Race 2 Results:

  1. Scott Dixon
  2. Marcus Ericsson (R)
  3. Will Power
  4. Ryan Hunter-Reay
  5. Alexander Rossi
  6. Marco Andretti
  7. Graham Rahal
  8. Zach Veach
  9. Sebastien Bourdais
  10. Santino Ferrucci (R)
  11. Patricio O’Ward (R)
  12. Colton Herta (R)
  13. Takuma Sato
  14. Ed Jones
  15. Max Chilton
  16. Felix Rosenqvist (R)
  17. Simon Pagenaud
  18. James Hinchcliffe
  19. Josef Newgarden
  20. Matheus Leist
  21. Spencer Pigot
  22. Tony Kanaan

Championship Top 5:

  1. Josef Newgarden
  2. Alexander Rossi
  3. Simon Pagenaud
  4. Scott Dixon
  5. Takuma Sato

Featured Image Credit: Chris Owens/IndyCar

IndyCar Dual in Detroit Preview

Fresh from the Indy 500, the IndyCar paddock heads to Detroit for the only doubleheader of the season, known as the ‘Dual in Detroit’. Some drivers are coming off the high of the 500 while others are looking to make amends after a poor performance at the Brickyard. Detroit always promises action with its tight, bumpy nature punishing mistakes very heavily.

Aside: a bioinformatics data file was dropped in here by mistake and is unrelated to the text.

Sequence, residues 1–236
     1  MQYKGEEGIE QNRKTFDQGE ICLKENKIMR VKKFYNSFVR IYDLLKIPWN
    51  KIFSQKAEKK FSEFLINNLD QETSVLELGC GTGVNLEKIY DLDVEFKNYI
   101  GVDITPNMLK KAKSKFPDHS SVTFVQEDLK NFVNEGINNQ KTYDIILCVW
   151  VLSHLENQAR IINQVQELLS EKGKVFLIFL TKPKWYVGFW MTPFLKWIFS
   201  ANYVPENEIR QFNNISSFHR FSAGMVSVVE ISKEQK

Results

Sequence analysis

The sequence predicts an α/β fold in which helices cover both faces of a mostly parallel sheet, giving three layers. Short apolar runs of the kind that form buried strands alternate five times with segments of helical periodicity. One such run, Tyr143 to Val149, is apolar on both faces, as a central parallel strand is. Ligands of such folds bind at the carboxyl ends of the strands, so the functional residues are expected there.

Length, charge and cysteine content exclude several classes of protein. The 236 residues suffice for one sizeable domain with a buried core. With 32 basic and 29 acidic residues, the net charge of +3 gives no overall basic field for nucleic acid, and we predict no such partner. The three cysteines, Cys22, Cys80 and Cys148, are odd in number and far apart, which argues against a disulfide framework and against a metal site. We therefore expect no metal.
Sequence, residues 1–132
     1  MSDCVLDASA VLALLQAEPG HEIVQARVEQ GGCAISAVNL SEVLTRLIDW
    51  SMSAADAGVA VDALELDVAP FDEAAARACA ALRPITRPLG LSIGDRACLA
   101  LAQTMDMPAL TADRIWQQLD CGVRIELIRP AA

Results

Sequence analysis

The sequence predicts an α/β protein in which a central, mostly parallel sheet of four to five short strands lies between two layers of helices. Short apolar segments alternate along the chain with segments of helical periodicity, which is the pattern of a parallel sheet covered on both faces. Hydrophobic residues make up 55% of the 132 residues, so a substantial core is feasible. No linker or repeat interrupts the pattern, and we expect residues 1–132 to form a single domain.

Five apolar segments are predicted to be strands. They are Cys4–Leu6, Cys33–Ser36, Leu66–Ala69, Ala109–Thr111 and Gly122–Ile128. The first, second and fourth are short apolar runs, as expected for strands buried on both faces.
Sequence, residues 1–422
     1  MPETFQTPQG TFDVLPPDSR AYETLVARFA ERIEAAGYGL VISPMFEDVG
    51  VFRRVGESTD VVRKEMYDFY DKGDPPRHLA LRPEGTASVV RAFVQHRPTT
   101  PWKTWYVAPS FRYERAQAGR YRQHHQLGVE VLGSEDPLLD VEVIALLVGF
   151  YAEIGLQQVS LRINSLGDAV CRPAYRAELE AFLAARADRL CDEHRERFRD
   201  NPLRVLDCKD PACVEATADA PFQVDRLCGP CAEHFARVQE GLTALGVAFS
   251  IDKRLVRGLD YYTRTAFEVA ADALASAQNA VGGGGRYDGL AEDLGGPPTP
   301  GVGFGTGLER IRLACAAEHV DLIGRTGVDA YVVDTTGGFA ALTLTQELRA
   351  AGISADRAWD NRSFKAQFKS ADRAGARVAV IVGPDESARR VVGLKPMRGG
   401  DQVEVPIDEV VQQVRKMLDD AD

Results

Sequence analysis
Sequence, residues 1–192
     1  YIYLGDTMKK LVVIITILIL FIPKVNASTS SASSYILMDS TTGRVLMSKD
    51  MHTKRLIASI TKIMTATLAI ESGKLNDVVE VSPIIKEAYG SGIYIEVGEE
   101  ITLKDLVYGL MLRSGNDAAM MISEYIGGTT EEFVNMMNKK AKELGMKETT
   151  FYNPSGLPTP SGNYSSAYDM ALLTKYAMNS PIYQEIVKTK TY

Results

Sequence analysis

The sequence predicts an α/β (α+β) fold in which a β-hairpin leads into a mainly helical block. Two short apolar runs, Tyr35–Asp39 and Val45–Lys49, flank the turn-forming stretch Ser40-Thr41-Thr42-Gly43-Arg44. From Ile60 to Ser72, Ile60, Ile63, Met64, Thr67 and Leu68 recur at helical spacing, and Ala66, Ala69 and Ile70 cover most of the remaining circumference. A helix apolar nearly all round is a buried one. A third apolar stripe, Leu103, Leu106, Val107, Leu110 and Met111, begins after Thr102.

Simon Pagenaud will be coming into Detroit on the highest of highs after winning his first Indy 500 from pole to top off an amazing Month of May. The Frenchman has won both of the last two races, however, since the Detroit doubleheader came into the series in 2012, Indy 500 champion has never won either of the races. Pagenaud will be looking to break that curse, though it’s not really something you’d put money on given the amount of media work he’s had to do in the last week and the fact that he hasn’t won around Detroit since 2013, but you never know…

Simon Pagenaud with his dog Norman in New York City during his victory tour after winning the 103rd Running of the Indianapolis 500 presented by Gainbridge. Credit: Chris Owens/IndyCar

One driver very much looking to make amends for the 500 is Alexander Rossi. He may have finished second last race but, as he said in his interview after, that’s probably one of the worst places to finish at the Brickyard because of how close you are to victory. At the Indy 500, second really is the first of the losers! Despite never winning at Detroit, his best finish came last year with a third place in Race 1, Rossi always manages to be a factor in the races here, whether that be in a good way or a bad!